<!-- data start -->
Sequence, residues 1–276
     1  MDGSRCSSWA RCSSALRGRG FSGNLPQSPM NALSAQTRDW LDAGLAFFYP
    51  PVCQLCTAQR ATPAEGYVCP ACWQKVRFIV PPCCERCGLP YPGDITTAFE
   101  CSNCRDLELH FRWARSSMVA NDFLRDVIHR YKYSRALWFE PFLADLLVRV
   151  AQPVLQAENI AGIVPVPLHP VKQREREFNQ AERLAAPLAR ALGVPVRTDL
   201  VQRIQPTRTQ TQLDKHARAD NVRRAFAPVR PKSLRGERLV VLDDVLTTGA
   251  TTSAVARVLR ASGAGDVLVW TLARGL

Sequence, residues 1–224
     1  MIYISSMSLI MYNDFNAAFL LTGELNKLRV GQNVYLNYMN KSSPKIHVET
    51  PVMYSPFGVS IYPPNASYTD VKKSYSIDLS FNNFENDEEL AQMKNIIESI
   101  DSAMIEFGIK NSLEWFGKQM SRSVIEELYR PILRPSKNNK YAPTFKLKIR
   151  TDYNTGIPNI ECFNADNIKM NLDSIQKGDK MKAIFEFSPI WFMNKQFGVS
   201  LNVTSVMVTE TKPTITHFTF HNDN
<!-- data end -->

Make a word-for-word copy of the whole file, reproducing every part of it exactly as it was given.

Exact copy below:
Sequence, residues 1–276
     1  MDGSRCSSWA RCSSALRGRG FSGNLPQSPM NALSAQTRDW LDAGLAFFYP
    51  PVCQLCTAQR ATPAEGYVCP ACWQKVRFIV PPCCERCGLP YPGDITTAFE
   101  CSNCRDLELH FRWARSSMVA NDFLRDVIHR YKYSRALWFE PFLADLLVRV
   151  AQPVLQAENI AGIVPVPLHP VKQREREFNQ AERLAAPLAR ALGVPVRTDL
   201  VQRIQPTRTQ TQLDKHARAD NVRRAFAPVR PKSLRGERLV VLDDVLTTGA
   251  TTSAVARVLR ASGAGDVLVW TLARGL

Sequence, residues 1–224
     1  MIYISSMSLI MYNDFNAAFL LTGELNKLRV GQNVYLNYMN KSSPKIHVET
    51  PVMYSPFGVS IYPPNASYTD VKKSYSIDLS FNNFENDEEL AQMKNIIESI
   101  DSAMIEFGIK NSLEWFGKQM SRSVIEELYR PILRPSKNNK YAPTFKLKIR
   151  TDYNTGIPNI ECFNADNIKM NLDSIQKGDK MKAIFEFSPI WFMNKQFGVS
   201  LNVTSVMVTE TKPTITHFTF HNDN